President Obama is scheduled to discuss the waivers in a speech this morning. "To help states, districts, and schools that are ready to move forward with education reform, our administration will provide flexibility from the law in exchange for a real commitment to undertake change," he will say.
Requiring change in return for relief irks conservative lawmakers, who are trying to address the issue with a collection of smaller education bills. When Education Secretary Arne Duncan introduced the waiver idea earlier this year, Republicans called it an end-run around Congress, a case of the Obama administration legislating by waiver.
But senior administration officials say the plan was created with bipartisan input from governors and state school officers and will be focused more on setting goals and leaving room for innovation than on dictating the means to states. "Our goal is to support their work, get out of their way wherever we can, and hold them accountable wherever we must."
Duncan's remarks today will highlight that goal. "One of my highest priorities is to help ensure that federal laws and policies support the significant reforms underway in many states and school districts," he will say, "and do not hinder state and local innovation aimed at increasing the quality of instruction and improving student academic achievement."
States hoping for a waiver will have to do three things: First, show they are transitioning to college- and career-ready standards and assessments, something most have already initiated. Second, they must implement an accountability system to reward schools showing progress as well as high-achieving schools that serve low-income students, but also take action to improve low-performing schools or schools with large achievement gaps. The method of intervention into such schools will be decided by the states, officials say, but-low performing schools must be held accountable. Finally, states must work with local educators to find ways to evaluate and support teacher and principal effectiveness based on several proven factors, including student progress. "The purpose is not to give states and districts a reprieve from accountability," Obama will say, "but rather to unleash energy to improve our schools at the local level."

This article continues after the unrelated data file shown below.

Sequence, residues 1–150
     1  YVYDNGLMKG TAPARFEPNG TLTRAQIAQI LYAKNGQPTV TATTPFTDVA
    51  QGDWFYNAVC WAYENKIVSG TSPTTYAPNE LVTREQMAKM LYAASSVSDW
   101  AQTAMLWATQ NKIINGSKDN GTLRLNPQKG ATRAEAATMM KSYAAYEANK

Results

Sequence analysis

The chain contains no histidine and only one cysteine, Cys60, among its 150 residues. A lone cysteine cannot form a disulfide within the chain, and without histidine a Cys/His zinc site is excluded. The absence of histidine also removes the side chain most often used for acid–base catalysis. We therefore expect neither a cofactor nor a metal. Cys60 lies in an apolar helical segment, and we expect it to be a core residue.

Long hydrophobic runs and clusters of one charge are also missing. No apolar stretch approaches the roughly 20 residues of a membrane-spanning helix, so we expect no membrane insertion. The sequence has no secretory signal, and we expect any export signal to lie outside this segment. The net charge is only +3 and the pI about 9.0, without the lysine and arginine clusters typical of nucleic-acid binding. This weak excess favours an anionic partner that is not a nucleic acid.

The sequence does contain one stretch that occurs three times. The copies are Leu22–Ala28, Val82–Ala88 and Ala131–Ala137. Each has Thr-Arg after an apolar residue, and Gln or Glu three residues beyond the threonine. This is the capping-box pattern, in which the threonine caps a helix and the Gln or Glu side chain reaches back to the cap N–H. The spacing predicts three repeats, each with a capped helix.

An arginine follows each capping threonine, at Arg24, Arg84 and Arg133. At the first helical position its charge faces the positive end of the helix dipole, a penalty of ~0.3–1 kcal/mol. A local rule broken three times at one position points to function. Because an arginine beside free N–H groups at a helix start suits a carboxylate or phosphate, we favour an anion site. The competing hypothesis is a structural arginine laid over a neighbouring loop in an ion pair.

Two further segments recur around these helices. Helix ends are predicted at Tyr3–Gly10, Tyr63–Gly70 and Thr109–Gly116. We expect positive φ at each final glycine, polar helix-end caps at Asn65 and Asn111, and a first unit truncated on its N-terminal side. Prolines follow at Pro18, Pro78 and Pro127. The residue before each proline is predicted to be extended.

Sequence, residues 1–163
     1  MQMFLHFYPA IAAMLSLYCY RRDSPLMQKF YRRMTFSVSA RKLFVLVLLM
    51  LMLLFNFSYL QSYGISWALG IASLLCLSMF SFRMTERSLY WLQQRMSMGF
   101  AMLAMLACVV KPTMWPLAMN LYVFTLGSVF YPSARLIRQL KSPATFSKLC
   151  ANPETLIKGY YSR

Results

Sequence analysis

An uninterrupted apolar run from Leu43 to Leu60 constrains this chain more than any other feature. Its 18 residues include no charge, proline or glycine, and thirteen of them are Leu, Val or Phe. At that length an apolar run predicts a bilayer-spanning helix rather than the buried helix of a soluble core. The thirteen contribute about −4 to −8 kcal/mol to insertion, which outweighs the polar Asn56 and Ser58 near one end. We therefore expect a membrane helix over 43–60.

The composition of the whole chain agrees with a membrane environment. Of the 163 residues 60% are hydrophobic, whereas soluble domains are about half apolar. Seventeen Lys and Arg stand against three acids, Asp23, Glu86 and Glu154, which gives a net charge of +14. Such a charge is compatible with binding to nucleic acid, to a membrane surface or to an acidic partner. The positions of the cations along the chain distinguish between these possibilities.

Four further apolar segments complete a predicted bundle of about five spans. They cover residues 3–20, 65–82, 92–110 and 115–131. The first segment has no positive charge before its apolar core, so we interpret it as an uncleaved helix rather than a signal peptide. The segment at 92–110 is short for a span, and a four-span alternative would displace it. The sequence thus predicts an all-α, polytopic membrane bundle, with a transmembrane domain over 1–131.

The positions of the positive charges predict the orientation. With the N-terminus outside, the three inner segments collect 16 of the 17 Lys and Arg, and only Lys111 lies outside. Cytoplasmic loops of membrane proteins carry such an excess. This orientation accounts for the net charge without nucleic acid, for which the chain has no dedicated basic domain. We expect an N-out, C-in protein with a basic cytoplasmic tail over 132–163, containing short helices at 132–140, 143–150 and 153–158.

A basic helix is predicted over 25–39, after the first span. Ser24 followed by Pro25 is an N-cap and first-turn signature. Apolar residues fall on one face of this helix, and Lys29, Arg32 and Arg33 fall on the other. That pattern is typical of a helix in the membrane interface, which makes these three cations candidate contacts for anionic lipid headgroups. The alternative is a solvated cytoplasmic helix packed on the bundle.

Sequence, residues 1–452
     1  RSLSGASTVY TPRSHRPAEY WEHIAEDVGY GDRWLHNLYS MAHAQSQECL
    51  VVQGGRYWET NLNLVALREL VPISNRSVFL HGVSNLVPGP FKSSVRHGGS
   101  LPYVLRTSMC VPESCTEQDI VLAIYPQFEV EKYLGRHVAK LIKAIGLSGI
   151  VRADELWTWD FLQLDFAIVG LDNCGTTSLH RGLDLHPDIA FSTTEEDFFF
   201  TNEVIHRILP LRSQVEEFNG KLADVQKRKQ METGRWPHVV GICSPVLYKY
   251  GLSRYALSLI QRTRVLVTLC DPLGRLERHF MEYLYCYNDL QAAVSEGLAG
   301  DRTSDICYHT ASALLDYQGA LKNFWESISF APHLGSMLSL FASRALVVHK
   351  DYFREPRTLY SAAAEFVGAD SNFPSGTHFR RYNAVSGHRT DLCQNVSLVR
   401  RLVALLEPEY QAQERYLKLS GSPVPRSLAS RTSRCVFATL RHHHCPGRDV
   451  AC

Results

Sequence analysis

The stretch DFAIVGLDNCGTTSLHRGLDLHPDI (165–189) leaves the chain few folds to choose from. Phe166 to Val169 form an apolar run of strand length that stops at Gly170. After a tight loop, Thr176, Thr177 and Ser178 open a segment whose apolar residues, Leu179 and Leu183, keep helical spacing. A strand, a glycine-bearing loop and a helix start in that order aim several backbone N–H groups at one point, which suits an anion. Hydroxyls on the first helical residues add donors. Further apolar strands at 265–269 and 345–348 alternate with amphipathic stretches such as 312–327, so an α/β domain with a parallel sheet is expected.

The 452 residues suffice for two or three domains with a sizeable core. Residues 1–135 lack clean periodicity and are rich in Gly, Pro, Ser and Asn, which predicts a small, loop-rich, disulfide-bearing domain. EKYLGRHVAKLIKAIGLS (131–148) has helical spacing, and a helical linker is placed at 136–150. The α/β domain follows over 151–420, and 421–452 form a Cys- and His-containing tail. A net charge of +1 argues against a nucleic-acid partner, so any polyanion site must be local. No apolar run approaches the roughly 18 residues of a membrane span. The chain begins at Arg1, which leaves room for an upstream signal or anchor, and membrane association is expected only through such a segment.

In addition to allowing states to set achievable goals free from the 2014 deadline, the waivers will give states freedom in choosing how to spend certain federal funds allocated by No Child Left Behind, as long as they protect spending for disadvantaged students.
States can begin applying in mid-November, and officials expect the first waivers will be issued early in 2012. Those that do not apply or qualify will still have to abide by No Child Left Behind until Congress puts something in its place. The law was supposed to be overhauled in 2007, but lawmakers have been unsuccessful so far, leaving school districts stuck with an increasingly unpopular policy.